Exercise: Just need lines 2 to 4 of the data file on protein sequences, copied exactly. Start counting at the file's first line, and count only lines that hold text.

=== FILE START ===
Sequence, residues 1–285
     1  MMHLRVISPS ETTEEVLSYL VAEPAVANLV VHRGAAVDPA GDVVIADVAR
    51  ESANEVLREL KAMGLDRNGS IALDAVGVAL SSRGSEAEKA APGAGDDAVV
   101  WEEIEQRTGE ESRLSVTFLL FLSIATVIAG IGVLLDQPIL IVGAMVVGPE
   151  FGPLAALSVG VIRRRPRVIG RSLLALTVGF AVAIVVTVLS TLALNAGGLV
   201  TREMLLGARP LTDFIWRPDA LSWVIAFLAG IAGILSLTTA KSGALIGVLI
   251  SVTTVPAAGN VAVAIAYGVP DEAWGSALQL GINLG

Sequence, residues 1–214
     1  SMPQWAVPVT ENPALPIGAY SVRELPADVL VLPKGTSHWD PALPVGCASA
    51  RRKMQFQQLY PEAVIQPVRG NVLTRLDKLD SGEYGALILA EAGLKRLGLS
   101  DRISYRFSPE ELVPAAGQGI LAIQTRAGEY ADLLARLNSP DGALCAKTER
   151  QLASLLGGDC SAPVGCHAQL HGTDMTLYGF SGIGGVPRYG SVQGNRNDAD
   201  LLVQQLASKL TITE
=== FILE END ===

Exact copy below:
     1  MMHLRVISPS ETTEEVLSYL VAEPAVANLV VHRGAAVDPA GDVVIADVAR
    51  ESANEVLREL KAMGLDRNGS IALDAVGVAL SSRGSEAEKA APGAGDDAVV
   101  WEEIEQRTGE ESRLSVTFLL FLSIATVIAG IGVLLDQPIL IVGAMVVGPE